Neuroscience and Music

Matthew Kirkcaldie m.kirkcaldie at removethis.unsw.edu.au
Thu Sep 9 20:30:18 EST 2004

In article <MT%%c.287066$5D1.12713467 at news4.tin.it>,
 Gunten1 <spam at superspam.com> wrote:

> Excuse me for my english, I'm Italian.
> I have a strange question...
> If one person is very good to recognize *instantly* a song, a rhythm, a 
> melody...
> Which is the mainly brain hemisphere activated, the left or the right ?

Generally musical appreciation is thought to be a function of the right 
hemisphere; however, the processes of recognition is a function of 
memory, and may involve the left hemisphere as well.  The enjoyment of 
music has been associated with activity in BOTH hemispheres!  Of course, 
only selective parts of the hemispheres are activated.

> And is there any connection with the "musical intelligence" and Creative 
> Talent in music ?  Or are they two separate things?

Well, if you can say what "musical intelligence" is then somebody might 
have an answer to that.  I do know that musical education levels relate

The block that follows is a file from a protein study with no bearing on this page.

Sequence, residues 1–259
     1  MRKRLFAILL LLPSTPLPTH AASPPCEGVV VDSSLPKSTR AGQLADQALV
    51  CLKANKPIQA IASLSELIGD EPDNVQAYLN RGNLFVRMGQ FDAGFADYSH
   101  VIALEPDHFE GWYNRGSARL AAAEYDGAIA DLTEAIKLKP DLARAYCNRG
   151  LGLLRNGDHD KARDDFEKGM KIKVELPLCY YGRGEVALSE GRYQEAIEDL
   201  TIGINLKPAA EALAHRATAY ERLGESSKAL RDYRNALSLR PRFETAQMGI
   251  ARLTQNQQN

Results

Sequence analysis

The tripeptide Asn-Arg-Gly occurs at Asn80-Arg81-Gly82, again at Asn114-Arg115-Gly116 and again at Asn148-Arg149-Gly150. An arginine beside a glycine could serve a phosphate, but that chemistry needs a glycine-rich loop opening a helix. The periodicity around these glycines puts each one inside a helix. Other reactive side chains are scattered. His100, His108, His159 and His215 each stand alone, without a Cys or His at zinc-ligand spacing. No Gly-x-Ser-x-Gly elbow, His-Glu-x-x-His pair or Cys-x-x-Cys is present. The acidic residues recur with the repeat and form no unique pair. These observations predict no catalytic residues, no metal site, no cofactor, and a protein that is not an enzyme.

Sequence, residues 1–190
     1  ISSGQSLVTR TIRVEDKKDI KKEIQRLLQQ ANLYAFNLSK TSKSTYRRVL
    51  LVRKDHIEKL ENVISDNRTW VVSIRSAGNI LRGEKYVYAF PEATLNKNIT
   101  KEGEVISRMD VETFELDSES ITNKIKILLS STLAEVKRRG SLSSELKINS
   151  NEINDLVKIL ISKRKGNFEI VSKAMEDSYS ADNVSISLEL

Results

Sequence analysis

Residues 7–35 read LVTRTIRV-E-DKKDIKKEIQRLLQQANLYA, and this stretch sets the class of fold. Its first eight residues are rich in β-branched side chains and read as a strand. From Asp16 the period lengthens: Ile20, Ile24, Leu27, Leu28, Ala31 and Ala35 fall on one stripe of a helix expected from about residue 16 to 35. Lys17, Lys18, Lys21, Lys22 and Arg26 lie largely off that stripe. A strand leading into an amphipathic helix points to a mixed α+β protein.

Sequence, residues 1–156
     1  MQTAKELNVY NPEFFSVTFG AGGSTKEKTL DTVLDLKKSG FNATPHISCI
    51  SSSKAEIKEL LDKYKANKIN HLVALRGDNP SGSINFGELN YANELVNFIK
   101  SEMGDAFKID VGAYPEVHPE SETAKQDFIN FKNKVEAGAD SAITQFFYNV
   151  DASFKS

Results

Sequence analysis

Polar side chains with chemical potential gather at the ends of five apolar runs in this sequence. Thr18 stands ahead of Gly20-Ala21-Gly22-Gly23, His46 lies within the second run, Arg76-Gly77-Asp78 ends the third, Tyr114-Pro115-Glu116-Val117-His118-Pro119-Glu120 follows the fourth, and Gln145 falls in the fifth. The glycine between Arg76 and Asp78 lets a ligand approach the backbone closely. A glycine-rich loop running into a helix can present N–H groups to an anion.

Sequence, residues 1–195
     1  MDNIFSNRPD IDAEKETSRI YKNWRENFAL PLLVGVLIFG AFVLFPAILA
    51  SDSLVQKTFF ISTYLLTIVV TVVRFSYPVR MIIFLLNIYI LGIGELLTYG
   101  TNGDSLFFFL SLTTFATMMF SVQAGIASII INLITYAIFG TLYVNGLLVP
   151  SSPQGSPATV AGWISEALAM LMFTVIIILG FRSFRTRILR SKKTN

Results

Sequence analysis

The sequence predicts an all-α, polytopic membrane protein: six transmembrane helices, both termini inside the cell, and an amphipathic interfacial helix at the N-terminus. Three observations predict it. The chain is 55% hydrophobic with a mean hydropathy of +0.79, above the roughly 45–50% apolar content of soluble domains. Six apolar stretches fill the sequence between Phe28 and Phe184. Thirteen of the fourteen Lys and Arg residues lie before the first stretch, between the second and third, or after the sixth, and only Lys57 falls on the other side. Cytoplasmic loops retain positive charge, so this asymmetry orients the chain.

to perception of musical stimuli, but that's not a surprise.  I doubt 
anybody would even agree on what creative talent is, so I doubt there is 
a sensible answer to your question.

If I had to guess, I would say that quick recognition of music depends 
on how individuals access their memory, which in turn would depend on 
which senses were dominant and what their experience had been.  Those 
things might indicate someone who was more interested in music and hence 
more likely to be musically creative, than creative in other ways.  
That's pure speculation though.

I know many people can replay music at will in their minds if they are 
familiar with it - I certainly can, and I can pick it apart into 
different instruments by concentrating.  I'm not musically creative 


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